Published: Sun, June 17, 2018
Sci-tech | By Carrie Guzman

Antarctica losing ice twice as fast as six years ago

Antarctica losing ice twice as fast as six years ago

Furthermore, in the Antarctic Peninsula, ice shelf collapse has boosted annual ice loss by 25 billion tons since the early 2000s.

Professor Siegert is a co-author of the new study in the journal Nature at the imperial College London.

The study, by an global team of polar scientists led by Canada Research Chair Christine Dow of Waterloo's Faculty of Environment, discovered that the process of warmer ocean water destabilizing ice shelves from below is also cracking them apart from above, increasing the chance they'll break off.

The assessment, led by Professor Andrew Shepherd at the University of Leeds and Dr Erik Ivins at NASA's Jet Propulsion Laboratory in California, was supported by the European Space Agency (ESA) and the US National Aeronautics and Space Administration (NASA).

"The Antarctic Ice Sheet is an important indicator of climate change and driver of sea-level rise", the IMBIE team wrote in their Nature paper.

Antarctica is not the only contributor to sea-level rise. Of the three, the East Antarctic Ice Sheet is the largest potential contributor to sea level rise. They attribute the threefold increase in ice loss from the continent since 2012 to a combination of increased rates of ice melt in West Antarctica and the Antarctic Peninsula, and reduced growth of the East Antarctic ice sheet.

The researchers, including those from the University of Leeds in the United Kingdom, reviewed decades of satellite measurements to reveal how and why Antarctica's glaciers, ice shelves, and sea ice are changing.

The Antarctic ice sheets are melting many times faster than previously thought, significantly increasing the rise of global sea levels in recent years, according to a new research by a group of United States and UK scientists. Antarctica is now causing sea levels to rise at a rate of 0.6mm a year - faster now than at any time in the past 25 years.

"If you're close to the ice sheet that's losing mass you don't really feel the effects as much".

Hamish Pritchard summer clouds swirl around the Staccato Peaks of Alexander Island off the Antarctic Peninsula. In a study released Wednesday
Melting of Antarctica is speeding up, worrying scientists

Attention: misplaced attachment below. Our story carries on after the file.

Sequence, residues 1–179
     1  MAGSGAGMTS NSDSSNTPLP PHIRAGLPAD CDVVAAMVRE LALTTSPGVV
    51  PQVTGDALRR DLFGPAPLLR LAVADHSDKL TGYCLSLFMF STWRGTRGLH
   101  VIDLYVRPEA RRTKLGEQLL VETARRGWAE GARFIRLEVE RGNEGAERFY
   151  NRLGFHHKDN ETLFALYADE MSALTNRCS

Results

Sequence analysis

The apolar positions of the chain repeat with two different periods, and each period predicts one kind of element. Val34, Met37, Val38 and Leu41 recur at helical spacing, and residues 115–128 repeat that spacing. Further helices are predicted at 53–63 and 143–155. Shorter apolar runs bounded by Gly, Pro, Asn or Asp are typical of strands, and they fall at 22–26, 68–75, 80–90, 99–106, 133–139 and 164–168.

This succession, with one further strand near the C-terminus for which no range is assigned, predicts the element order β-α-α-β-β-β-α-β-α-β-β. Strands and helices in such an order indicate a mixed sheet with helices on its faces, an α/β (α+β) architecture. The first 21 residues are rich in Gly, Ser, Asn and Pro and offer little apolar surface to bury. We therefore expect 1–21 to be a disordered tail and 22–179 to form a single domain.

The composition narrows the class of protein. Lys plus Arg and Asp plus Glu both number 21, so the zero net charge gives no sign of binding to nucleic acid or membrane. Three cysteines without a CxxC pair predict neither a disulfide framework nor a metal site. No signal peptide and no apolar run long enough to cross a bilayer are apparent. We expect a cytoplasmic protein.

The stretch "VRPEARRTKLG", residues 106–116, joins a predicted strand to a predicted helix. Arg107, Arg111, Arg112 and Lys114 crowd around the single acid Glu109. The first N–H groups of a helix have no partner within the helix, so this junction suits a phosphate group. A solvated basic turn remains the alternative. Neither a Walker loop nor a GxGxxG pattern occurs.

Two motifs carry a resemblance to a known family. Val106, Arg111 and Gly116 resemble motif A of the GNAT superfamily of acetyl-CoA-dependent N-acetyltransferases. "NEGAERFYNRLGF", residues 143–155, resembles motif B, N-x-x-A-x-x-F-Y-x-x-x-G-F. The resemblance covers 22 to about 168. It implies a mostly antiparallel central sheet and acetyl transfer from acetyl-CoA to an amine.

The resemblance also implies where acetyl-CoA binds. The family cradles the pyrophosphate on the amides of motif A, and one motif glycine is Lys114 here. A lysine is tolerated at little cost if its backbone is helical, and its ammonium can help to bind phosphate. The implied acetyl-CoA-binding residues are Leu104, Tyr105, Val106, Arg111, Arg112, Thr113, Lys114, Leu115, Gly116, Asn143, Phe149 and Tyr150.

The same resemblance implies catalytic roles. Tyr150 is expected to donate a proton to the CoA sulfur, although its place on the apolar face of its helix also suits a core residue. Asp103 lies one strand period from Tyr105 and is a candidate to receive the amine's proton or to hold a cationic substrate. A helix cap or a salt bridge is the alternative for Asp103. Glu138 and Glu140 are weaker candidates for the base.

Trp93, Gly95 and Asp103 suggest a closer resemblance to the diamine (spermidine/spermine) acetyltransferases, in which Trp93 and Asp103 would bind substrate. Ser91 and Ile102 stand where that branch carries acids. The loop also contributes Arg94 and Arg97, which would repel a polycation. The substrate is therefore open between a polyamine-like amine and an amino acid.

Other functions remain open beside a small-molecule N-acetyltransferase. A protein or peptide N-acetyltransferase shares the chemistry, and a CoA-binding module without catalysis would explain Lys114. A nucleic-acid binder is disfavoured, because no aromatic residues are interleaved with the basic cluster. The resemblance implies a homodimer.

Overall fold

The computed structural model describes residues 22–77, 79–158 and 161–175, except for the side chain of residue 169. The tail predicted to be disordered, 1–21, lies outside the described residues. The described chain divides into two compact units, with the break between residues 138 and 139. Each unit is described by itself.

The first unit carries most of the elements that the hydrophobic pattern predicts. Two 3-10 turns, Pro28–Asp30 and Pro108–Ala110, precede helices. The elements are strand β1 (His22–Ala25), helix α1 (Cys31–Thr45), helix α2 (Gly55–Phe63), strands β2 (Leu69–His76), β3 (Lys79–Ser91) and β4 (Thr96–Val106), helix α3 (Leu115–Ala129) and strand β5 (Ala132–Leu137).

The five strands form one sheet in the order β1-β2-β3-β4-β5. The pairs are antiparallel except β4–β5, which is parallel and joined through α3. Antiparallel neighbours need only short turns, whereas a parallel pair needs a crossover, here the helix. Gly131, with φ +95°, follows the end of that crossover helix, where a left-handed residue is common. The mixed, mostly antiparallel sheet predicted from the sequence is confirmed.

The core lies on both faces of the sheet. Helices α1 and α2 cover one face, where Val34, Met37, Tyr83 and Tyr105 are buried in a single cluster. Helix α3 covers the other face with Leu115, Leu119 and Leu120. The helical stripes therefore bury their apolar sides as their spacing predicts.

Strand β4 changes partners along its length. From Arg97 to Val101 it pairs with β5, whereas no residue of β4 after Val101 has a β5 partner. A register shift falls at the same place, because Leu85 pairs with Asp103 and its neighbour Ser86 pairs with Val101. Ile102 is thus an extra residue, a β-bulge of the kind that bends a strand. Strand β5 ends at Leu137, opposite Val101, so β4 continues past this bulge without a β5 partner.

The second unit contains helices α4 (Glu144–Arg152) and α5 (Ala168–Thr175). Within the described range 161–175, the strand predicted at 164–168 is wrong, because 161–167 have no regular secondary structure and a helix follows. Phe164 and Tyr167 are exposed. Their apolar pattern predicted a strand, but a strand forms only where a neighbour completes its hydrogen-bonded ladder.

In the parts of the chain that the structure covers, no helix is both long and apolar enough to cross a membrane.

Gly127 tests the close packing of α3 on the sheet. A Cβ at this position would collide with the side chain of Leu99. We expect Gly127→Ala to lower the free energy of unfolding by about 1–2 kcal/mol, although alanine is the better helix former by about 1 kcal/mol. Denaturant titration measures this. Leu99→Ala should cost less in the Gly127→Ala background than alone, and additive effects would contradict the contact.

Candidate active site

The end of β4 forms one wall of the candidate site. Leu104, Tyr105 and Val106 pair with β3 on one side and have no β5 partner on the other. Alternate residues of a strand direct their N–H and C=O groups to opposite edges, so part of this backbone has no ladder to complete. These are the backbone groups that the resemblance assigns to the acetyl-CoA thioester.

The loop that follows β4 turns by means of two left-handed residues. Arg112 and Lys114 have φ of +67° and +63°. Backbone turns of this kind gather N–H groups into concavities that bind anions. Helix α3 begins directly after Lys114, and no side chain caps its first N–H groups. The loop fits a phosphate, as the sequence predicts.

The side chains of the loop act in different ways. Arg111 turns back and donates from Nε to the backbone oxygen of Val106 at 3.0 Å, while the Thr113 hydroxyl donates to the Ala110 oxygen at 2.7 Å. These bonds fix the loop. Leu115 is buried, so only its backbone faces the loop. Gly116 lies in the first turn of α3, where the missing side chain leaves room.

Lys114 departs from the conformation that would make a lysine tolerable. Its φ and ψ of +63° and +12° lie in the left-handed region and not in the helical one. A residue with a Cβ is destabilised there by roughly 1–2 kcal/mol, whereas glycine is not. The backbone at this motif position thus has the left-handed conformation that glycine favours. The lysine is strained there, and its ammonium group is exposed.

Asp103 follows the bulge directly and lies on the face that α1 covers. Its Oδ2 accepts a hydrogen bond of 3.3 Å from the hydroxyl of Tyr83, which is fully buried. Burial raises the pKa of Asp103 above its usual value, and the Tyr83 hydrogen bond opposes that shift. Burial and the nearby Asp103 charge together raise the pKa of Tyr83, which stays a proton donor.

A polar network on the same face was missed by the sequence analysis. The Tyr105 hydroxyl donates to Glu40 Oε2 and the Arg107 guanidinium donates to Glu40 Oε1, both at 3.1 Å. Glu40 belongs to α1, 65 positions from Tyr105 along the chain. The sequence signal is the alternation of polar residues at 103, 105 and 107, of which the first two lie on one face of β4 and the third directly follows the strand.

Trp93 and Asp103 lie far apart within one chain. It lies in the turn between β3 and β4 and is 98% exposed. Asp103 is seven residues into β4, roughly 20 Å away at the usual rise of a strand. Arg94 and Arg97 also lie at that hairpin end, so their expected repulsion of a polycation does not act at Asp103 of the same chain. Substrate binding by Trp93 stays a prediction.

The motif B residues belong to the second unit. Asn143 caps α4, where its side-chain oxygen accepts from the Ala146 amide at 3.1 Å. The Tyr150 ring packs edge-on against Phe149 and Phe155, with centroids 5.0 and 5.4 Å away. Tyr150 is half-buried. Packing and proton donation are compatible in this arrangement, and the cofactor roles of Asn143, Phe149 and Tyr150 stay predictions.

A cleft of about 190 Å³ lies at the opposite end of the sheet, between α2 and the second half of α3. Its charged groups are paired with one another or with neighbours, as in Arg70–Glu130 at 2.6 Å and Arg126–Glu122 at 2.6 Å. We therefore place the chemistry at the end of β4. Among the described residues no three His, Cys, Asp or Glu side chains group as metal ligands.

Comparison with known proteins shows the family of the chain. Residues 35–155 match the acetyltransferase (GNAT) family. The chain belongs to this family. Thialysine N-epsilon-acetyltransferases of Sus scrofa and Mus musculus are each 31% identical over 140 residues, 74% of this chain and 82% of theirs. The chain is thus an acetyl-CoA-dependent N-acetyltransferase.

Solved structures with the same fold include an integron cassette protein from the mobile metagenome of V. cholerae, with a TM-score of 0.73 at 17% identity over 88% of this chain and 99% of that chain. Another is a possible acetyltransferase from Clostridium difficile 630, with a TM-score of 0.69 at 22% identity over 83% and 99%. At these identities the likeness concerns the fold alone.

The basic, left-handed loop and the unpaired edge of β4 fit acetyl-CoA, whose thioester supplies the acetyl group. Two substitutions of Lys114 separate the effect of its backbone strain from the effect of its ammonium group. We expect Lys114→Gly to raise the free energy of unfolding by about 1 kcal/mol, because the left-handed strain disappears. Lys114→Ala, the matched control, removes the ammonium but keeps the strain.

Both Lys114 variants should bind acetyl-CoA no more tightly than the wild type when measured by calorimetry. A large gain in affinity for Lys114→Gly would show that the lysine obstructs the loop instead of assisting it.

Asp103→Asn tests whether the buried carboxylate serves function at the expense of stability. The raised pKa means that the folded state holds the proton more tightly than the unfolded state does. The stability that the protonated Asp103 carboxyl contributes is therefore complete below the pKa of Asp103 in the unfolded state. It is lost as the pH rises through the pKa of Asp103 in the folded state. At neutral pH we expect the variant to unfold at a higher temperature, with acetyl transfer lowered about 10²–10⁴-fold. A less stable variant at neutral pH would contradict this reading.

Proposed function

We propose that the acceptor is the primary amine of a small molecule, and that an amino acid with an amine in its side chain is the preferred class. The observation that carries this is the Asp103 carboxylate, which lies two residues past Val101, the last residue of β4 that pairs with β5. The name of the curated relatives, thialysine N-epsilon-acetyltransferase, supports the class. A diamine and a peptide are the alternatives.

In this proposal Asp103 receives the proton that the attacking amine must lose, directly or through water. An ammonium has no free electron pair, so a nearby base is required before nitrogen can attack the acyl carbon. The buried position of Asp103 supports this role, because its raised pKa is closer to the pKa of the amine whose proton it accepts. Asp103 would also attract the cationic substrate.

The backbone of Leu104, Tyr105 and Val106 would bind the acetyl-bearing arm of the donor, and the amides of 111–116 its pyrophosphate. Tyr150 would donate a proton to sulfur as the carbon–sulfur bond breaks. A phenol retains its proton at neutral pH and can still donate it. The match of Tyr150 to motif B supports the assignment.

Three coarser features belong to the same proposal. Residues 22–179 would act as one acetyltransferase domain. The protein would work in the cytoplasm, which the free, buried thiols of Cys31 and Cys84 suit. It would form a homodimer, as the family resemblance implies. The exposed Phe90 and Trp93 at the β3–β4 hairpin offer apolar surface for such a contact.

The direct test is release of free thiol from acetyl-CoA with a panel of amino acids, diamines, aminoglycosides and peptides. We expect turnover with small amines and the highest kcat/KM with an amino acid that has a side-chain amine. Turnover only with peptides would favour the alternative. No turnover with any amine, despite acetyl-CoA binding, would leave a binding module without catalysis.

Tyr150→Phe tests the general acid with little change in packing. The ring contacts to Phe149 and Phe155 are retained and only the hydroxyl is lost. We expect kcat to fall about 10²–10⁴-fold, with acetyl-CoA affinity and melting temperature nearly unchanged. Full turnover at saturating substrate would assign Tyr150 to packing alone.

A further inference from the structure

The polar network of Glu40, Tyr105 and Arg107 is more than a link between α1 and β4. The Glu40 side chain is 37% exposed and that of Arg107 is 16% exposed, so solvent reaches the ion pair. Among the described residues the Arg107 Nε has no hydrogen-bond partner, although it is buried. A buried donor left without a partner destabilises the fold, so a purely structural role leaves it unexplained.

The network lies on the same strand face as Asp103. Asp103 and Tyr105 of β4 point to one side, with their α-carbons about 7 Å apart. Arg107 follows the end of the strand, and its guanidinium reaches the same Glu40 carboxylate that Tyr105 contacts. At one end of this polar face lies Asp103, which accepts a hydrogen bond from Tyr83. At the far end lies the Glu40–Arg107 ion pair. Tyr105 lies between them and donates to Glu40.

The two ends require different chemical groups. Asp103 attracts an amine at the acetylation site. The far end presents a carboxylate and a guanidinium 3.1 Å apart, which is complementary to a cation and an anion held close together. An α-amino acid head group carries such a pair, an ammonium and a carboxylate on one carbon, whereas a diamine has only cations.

"A critical question for the future is how ocean-driven melting of Antarctic ice shelves will change as the earth warms".

"In the past we've been persuaded of a narrative that sea level rise affects people in low-lying countries in the Pacific Ocean, and while that's devastating for them, it might not be a problem for a majority of the world's population", Shepherd said.

"The last time we looked at the polar ice sheets, Greenland was the dominant contributor". He blames the burning of coal, oil and natural gas as the cause of global warming.

It also found that although the total area of sea ice surrounding Antarctica has shown little overall change during the satellite era, there are signs of a longer-term decline when mid-twentieth century ship-based observations are considered.

If the right decisions are not made to preserve Antarctica in the next ten years, the consequences will be felt around the world. The water nibbles at the floating edges of ice sheets from below.

"What these narratives show us is that reducing greenhouse gas emissions, in line with the Paris climate agreement, and implementing effective policy can still minimise change in the Antarctic environment and the rest of planet".

"The increasing mass loss that they're finding is really worrying, particularly looking at the West Antarctic, the area that's changing most rapidly and it's the area that we're most anxious about, because it's below sea level", said Christine Dow, a glaciologist at the University of Waterloo in Canada who was not involved in the research.

Coastal flooding during storms at high tides will be more damaging and a threat to cities, from NY to Shanghai as well as low-lying nations from the Pacific Ocean to the Netherlands.

Handshakes to kick off series at The Oval
New Australia boss Justin Langer has vowed his team will respect the line between banter and abuse in the series against England . Warner will join the commentary panel for the second game of the 5-match ODI series in Cardiff on June 16.

Like this: